You don’t have to worry about the fact that these are complex numbers. We are simply asking – when we plot the position of the number in this two dimensional plane, what is the distance from the origin. We call this the magnitude, or modulus, or absolute value of $z$ and label it by $|z|$. So we have that for $z=a+bi$:

$|z|=\sqrt{z\overline{z}}=\sqrt{(a+bi)(a-bi)}=\sqrt{a^2+ b^2}$.

So now if you are asked which of two complex numbers are bigger, you can’t answer that, but you can order them by their magnitude, if you so wish. While you can’t say that $1+2i<200+142i$ you can very easily say that: $|1+2i|<|200+142i|$.

In fact we’ve skipped one little visualisation in the complex plane. We defined the complex conjugate simply to be the original complex number with the sign of the imaginary part changed. For instance:

${\overline{2+4i}}=2-4i$, ${\overline{3-2i}}=3+2i$ and ${\overline{-2-5i}}=-2+5i$.

In the complex plane this has a very simply picture. It is simply the reflection of a complex number about the x-axis:

But now we have something rather intriguing, which is perhaps the first thing which isn’t obvious about the arithmetic operations of complex numbers when we think about them in the complex plane. If you take $z$ and $\overline{z}$ and you multiply them together, then the answer you get is going to be a positive real number and its length is going to be the square of the length of $z$. Notice that the magnitude of $z$ and $\overline{z}$ are the same. Just reflecting the number across the x-axis does not change its size.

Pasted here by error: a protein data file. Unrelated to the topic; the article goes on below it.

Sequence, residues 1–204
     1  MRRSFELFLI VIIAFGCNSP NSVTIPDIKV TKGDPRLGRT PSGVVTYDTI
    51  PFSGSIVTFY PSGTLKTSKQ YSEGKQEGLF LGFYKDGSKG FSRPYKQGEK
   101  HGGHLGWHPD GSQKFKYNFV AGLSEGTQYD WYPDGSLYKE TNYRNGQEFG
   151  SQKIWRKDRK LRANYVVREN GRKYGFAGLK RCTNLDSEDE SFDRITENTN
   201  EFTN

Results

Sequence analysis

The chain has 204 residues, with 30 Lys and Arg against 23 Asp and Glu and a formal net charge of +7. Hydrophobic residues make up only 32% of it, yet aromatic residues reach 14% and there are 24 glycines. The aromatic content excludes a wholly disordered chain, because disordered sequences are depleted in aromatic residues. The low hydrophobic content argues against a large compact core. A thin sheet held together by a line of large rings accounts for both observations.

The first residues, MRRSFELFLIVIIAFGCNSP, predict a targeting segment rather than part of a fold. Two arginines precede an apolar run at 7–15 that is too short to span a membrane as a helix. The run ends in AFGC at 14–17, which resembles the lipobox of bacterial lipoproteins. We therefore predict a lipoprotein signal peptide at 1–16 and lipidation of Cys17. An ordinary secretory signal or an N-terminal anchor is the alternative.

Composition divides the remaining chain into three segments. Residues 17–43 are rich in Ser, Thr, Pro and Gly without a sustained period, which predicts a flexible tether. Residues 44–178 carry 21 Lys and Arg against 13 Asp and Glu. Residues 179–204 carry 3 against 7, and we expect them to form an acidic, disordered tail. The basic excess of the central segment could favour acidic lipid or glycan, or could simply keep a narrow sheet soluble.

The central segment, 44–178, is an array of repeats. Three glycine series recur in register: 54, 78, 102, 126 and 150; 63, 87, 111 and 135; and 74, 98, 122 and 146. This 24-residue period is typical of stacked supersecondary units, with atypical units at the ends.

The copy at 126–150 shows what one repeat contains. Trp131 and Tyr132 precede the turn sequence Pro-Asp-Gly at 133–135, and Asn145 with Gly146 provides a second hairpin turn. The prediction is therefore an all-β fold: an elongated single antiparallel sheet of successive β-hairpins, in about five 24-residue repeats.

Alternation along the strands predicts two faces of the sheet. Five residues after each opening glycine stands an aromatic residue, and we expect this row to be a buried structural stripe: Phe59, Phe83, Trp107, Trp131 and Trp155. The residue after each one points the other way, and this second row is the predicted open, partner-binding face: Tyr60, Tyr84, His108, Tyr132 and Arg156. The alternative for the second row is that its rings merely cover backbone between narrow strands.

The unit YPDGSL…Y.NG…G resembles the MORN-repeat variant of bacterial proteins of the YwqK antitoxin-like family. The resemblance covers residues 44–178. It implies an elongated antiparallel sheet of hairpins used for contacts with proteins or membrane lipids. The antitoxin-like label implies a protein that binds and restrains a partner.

OK, that’ll do for now. We’re soon going to see that there’s a whole new way to describe complex numbers using their positions in the complex plane, but for now I suggest that you practice adding, multiplying, taking the conjugate of, and finding the magnitude of as many complex numbers as you can.

 How clear is this post?